Election Predictions: A Failure of Bad Data, not Big Data

Election Predictions: A Failure of Bad Data, not Big Data

Pollsters and other politically-minded data jockeys likely spent much of Wednesday questioning their life choices as their predictions made them seem more akin to numerologists than to data scientists. The failure of polling and modelling to correctly predict the outcome of the presidential election has caused some to question the overall use of data and algorithms to answer important societal questions, at least those involving human behavior.

The lessons from these failures, however, are not about the limits of data, as a recent New York Times article concluded, but instead stem from the age-old garbage-in, garbage-out cliché. In particular, these failures remind us of two points regarding data analysis. First, even assuming it is possible to put together a random, representative sample, or weight the sample appropriately, asking people their opinions is often unlikely to yield key information since they have no incentive to be truthful (or to respond at all) when answering surveys. Second, analyzing data—especially survey data that are flawed to begin with—using models based on previous events is likely to yield misleading answers if the underlying phenomena the model is intended to capture have changed. That is, if fundamental conditions have changed since the model was built, the model will not predict the future accurately.

It is precisely these failures that the new data revolution seeks to mitigate. Economists and others have long argued that what people actually do, or “revealed preference,” is a better indicator of true preferences than what people say will do. Big data, one component of the data revolution, generally refers to precisely that—vast quantities of data on individuals’ characteristics and what they do, not on what they say they will do. In addition, machine learning (ML)—the key tool used to analyze big data—updates its underlying model in real time as it gathers new information, thereby potentially lessening the problem of forecasting based on outdated models of the world.

These observations put policy debates about big data and privacy, for example, into sharp relief. Privacy advocates worry about potentially negative implications of people sharing so much information. But without data on actual behavior and ways to rapidly analyze new information, we risk being forever ignorant of important issues and trends at the time such information would be useful. Alternate prediction models based on data not collected via survey may prove themselves to be more accurate. According to a BBC report, several algorithms that used ML methods and social media proved to be more accurate predictors of election outcomes, recognizing Trump’s likelihood of winning when the other models did not.

Of course, it can be difficult to evaluate predictive models, even in hindsight, because future events are probabilistic. How does one determine whether a model predicting a 70 percent chance of an event is wrong if that event did not happen? After all, it had a 30 percent chance of not happening. If the event were to play out thousands of times and the predicted outcome occurred about 70 percent of the time we could conclude the model accurately reflected the real world. In some cases, such as consumer purchases, modelers can run that test. But a given election does not happen thousands of times, making it difficult to know whether the model was “wrong.” Even so, nearly every (public) model predicted heavy odds of a Clinton victory, lending credence to the hypothesis that the models were based on flawed underlying data or calibrated using previous elections, where outcomes were likely driven by factors different from those in 2016.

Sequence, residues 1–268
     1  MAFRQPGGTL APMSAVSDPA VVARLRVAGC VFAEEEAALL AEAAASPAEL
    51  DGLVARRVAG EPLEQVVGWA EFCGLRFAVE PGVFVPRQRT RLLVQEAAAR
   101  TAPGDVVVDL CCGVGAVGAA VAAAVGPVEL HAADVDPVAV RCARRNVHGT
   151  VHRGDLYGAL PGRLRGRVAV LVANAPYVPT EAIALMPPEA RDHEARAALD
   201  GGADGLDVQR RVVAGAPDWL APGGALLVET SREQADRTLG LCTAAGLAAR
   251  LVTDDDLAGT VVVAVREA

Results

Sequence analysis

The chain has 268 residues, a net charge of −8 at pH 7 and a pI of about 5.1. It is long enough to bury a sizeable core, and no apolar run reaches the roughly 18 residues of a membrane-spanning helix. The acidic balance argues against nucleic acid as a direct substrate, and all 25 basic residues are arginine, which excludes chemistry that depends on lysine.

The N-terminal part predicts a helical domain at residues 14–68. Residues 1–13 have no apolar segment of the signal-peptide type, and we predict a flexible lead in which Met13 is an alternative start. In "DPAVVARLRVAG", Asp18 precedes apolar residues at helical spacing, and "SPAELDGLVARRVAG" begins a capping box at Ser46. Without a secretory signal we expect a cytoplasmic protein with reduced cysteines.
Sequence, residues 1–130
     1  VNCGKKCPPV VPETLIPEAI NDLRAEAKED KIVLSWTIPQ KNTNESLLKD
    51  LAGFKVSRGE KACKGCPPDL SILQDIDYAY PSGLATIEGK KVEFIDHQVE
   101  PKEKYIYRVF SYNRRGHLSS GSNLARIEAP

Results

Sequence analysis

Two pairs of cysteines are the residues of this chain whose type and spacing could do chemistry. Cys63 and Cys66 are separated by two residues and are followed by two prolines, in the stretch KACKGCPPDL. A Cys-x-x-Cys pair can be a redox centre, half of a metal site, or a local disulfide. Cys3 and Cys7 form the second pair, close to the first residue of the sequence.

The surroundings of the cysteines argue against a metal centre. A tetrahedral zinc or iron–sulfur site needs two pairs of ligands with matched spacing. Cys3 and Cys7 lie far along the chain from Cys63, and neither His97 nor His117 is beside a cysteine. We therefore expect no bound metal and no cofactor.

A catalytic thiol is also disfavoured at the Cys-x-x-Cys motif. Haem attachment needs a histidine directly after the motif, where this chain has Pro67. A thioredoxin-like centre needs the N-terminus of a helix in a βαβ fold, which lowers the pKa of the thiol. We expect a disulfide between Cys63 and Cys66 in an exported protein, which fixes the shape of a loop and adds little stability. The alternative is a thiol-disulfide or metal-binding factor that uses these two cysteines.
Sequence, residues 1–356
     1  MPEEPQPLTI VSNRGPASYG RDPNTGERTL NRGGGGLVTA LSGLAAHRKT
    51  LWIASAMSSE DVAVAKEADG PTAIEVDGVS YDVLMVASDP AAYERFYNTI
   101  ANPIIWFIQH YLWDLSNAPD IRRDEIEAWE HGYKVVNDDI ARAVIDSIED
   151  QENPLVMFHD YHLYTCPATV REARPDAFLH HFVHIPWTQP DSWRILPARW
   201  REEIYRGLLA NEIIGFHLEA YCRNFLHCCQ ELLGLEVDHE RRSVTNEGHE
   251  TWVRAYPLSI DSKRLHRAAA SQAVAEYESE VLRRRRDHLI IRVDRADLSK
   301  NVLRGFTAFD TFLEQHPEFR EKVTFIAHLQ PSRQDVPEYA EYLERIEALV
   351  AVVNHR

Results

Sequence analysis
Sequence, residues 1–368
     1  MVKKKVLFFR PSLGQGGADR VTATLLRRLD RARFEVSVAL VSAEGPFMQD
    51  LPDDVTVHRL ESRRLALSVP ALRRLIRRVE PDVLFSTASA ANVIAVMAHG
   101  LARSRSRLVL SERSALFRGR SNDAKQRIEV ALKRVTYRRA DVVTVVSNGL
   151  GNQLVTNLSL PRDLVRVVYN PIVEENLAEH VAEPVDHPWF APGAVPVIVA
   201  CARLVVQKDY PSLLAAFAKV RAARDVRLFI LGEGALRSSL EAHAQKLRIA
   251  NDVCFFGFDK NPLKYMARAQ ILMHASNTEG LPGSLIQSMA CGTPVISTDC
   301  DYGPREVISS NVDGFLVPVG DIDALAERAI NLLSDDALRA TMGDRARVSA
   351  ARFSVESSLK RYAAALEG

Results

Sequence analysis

To be clear, I am not arguing that surveys are irrelevant. It may not always be possible to gain information from observed behavior, and sometimes we are interested in what people think rather than what they do. And, of course, people who work on surveys have done extensive research to better hone their ability to elicit truthful information and to analyze it. Still, the election highlights surveys’ weaknesses in certain situations.

I am also not arguing that more data or big data will always yield more reliable results. For example, it is difficult to believe that Hillary Clinton’s campaign, with its famed tech know-how, did not incorporate data available from data brokers into its models, which appear to have failed. On the other hand, a data analytics company hired by the Trump campaign explained that it used vast quantities of data with positive effects from that campaign’s point of view. Someday, the full data story of the campaigns will be written and we will have more insight into what explains the failures and (rare) successes.

Big data and machine learning, however, while hardly constituting a perfectly accurate crystal ball, provide better tools for planning and decision-making in many situations. Data consisting of millions or billions of data points analyzed using algorithms that can update in real-time have the potential to be more accurate than data based on surveys and static models.

As big data and ML continue to develop, we should become better at incorporating different types of data and building more accurate prediction models. On the other hand, if we’ve learned one thing from the election, it’s that “experts” are often wrong, so perhaps you should take the arguments here with more than a grain of salt. Now, if only we could predict how many grains you should take…


As is so often the case, The Simpsons has already covered this:

The Only Accurate Way to Learn Voters’ Preferences

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big data, elections, machine learning

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